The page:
Ocean City tops the list of New Jersey coastal towns with large numbers of properties projected to face chronic high-tide flooding by 2045, undermining real estate values and tax ratables, according to a new study by the Union of Concerned Scientists.

The study found New Jersey is second only to Florida nationally for at-risk real estate. More than 62,000 residential properties in the state with a value of about $27 billion, and 2,600 commercial properties with a value of $2.1 billion, would face regular inundation by 2045, according to the study.

Introduction - Listen to Rising Waters with Michelle Brunetti Post

“(New Jersey) is always seen as the poster child for sea-level rise in the U.S.,” said study co-author Erika Spanger-Siegfried, the lead climate analyst for UCS, based in Cambridge, Massachusetts.

Even so, she called findings about New Jersey “pretty striking.”

Of the state’s beach towns, 10 are projected to have at least 1,500 homes at risk by 2045. Ocean City is projected to have the most at-risk homes at 7,200. That’s about 39 percent of its housing stock.

Other communities predicted to be hard-hit include Atlantic City, Wildwood and parts of Long Beach Island. All face regular flooding of 36 to 40 percent of their homes. Other shore communities fared little better.

Chronic inundation is defined as having street flooding at least 26 times a year, Spanger-Siegfried said, and does not include storm-related flooding.

“That’s already happening here. I’ve documented it on Facebook,” said Suzanne Leary Hornick, who administers the Ocean City NJ Flooding Facebook page and lives at 30th Street and West Avenue. She regularly posts photos of flooding around her home.

Ocean City NJ Flooding is a subcommittee of the watchdog group Fairness in Taxes. It has 2,500 members, which is about a third of the year-round population of the island, and is working with a hydrologist from the American Geophysical Union to advocate for flooding issues at the state level, she said.

“Last week (at high tide) Wednesday through Friday, 30th Street and Haven was completely impassable,” Leary Hornick said. “That’s six (tides) right there.”

Mayor Jay Gillian said Ocean City is taking immediate measures to address street flooding and protect property.

“Risen or rising, extreme tides already are part of life on our barrier island,” Gillian said. “Ocean City is making unprecedented investments in infrastructure upgrades, revising building codes to require construction at safe elevations and working with outside consultants to study other measures.”

A warming climate is causing sea level to rise, according to the UCS and other researchers. Sea level rises because of thermal expansion of warming ocean water; melting of land-based ice sheets, especially in Antarctica; and the sinking of land due to geological forces.

The study projects an average of 2.1 feet of sea-level rise for New Jersey in 2045 and 7.3 feet in 2100.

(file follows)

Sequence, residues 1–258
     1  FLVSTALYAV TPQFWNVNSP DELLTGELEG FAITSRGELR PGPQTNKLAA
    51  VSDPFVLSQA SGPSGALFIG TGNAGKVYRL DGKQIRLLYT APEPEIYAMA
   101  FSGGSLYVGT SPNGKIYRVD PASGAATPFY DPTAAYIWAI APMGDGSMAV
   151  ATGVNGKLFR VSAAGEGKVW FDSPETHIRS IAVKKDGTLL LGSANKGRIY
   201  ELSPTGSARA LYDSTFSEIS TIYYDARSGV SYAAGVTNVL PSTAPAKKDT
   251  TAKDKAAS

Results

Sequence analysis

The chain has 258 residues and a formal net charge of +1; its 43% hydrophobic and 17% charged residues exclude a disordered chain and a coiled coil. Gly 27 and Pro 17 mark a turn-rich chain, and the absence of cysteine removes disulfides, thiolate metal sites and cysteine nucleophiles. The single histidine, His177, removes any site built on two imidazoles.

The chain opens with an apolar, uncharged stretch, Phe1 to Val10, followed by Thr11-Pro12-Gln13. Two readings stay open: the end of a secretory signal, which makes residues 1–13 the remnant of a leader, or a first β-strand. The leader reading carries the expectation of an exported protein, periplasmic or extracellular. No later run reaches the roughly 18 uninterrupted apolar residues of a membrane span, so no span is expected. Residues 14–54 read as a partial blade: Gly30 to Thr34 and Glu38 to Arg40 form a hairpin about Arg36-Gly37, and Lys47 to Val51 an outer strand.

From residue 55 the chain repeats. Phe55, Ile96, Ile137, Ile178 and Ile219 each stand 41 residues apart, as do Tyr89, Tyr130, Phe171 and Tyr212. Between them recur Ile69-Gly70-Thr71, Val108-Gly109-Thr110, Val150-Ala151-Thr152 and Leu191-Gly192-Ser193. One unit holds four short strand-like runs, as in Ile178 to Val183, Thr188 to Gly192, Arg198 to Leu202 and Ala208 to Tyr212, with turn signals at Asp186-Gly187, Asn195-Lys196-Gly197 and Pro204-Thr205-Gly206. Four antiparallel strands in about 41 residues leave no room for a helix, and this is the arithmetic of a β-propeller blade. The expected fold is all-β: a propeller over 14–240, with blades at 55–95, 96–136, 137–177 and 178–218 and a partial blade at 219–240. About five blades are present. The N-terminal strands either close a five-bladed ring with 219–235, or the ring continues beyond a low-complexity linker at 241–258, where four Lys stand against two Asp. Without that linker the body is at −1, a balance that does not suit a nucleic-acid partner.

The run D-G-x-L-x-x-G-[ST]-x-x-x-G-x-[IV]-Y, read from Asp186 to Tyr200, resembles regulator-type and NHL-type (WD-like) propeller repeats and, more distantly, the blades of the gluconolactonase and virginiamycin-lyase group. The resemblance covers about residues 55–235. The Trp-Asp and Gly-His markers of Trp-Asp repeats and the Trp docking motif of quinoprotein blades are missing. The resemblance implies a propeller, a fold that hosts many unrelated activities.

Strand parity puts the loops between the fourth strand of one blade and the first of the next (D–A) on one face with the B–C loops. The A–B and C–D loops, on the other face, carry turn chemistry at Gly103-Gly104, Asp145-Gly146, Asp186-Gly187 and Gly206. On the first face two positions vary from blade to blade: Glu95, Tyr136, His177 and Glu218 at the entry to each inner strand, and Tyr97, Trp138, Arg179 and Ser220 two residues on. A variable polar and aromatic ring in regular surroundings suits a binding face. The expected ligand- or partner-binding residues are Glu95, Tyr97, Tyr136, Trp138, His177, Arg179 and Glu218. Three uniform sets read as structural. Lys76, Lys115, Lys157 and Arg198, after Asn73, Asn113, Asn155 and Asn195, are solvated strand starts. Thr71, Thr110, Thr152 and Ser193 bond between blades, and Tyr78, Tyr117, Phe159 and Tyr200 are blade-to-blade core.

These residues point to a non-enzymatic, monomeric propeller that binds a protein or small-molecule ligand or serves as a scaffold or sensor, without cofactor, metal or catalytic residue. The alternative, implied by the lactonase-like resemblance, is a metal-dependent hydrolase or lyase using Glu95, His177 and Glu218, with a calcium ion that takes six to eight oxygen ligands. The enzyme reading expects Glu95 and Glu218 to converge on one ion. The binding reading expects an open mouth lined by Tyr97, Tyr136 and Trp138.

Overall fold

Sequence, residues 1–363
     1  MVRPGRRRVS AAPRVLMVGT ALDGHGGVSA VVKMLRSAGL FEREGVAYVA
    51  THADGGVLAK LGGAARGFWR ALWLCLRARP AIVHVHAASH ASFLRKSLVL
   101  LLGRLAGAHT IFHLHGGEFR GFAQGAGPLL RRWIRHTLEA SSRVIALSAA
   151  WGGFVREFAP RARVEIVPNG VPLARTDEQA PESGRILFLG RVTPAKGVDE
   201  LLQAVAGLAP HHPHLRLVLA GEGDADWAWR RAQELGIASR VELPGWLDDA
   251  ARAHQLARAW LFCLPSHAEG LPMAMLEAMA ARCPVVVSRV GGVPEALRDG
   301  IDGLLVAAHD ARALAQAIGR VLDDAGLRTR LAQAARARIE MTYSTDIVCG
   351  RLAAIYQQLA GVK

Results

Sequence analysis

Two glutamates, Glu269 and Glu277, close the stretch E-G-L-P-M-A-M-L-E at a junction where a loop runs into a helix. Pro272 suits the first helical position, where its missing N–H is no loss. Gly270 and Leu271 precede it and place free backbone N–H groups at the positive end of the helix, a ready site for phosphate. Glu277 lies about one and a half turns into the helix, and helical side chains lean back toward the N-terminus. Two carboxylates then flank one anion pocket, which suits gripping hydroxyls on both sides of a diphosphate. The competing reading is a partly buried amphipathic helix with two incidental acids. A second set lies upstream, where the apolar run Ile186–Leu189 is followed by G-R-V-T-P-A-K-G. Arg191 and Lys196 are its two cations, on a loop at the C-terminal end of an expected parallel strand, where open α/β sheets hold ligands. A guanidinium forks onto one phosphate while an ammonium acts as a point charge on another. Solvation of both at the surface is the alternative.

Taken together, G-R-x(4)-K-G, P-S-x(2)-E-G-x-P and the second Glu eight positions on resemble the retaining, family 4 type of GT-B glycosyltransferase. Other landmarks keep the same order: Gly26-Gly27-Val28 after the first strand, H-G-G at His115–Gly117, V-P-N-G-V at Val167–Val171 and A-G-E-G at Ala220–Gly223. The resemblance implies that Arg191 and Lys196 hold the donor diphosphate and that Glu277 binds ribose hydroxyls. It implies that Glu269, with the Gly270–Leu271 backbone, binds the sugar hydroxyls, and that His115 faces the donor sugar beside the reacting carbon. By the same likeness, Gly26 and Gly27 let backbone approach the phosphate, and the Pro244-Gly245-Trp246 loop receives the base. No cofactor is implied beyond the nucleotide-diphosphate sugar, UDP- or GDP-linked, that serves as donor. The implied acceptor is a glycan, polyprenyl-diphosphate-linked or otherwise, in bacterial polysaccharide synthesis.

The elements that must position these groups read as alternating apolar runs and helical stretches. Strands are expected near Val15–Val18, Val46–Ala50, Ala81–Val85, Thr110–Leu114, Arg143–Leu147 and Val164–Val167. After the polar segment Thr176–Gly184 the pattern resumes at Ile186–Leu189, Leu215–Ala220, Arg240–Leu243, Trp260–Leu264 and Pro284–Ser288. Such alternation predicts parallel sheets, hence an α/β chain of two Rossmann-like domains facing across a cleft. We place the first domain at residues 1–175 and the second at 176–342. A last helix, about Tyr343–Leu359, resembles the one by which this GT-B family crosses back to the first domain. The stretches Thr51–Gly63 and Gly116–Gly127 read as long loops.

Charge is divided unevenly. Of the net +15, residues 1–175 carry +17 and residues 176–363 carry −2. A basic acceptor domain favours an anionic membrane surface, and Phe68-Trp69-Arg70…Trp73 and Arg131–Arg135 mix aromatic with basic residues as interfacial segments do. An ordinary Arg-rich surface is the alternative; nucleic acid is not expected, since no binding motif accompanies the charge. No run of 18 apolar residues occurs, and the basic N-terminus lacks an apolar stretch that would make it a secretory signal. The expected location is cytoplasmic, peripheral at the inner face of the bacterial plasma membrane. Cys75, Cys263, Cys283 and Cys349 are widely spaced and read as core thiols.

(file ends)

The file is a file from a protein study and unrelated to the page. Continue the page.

Government policies encouraging building or rebuilding at the shore can make matters worse.

“Roughly 2,600 of the coastal New Jersey homes at risk by 2045 were built or rebuilt after Hurricane Sandy devastated the region in 2012,” the report said.

Real estate agent Gary Jessel, of Fox Real Estate in Ocean City, said potential home buyers have been more concerned about flooding since Sandy. But homes rebuilt after Sandy, and many built in the past 15 years, exceed federal standards and avoid problems of older, nonelevated homes, he said.

Beach replenishment projects, and local government efforts to install new infrastructure and pumping stations, have also provided important protections, Jessel said.

“You are never going to end it,” he said of flooding. “You are living on an island. But it’s not a problem with (newer) homes.”

The interactive map with this story allows readers to click on specific communities to see how much real estate is projected to be at risk.(tncms-asset)ce723b9e-70b2-11e8-b207-00163ec2aa77[3](/tncms-asset)

Property on the bay side of most barrier islands in New Jersey is most at risk, said Spanger-Siegfried.

“Being on the ocean side of barrier islands provides some protection,” she said. “Those parts tend to have higher elevation than the bay side.” And they benefit from beach replenishment.

Back bay flooding is much more difficult to address, she said.

The study uses the higher of three scenarios projected for sea-level rise by the National Climate Assessment of 2014.

“We analyzed all three, and opted to lead with the high scenario,” said Spanger-Siegfried. “It’s the one recommended for use when there is a low tolerance for risk. When it comes to people’s homes, their single greatest asset, that qualifies for a low tolerance for risk.”

Leary Hornick said Ocean City is working on a flooding remediation project from about 28th to 33rd streets, from West Avenue to Bay Avenue. It is one of several projects the city has undertaken to address flooding in specific neighborhoods.

But it will only be a temporary fix without a comprehensive, island-wide plan, Leary Hornick said. And it may just move water to new areas.

“It’s a Band-Aid on an amputation,” Leary Hornick said. “What we need is short-term and long-term flooding remediation island-wide.”

Find the full report here.

Contact: 609-272-7219 MPost@pressofac.com Twitter @MichelleBPost Facebook.com/EnvironmentSouthJersey



Provided by credit Union of Concerned Scientists

Staff Writer

In my first job after college got paid to read the New York Times and summarize articles for an early online data base. First reporting job was with The Daily Record in Parsippany. I have also worked in nonprofits, and have been with The Press since 1990.

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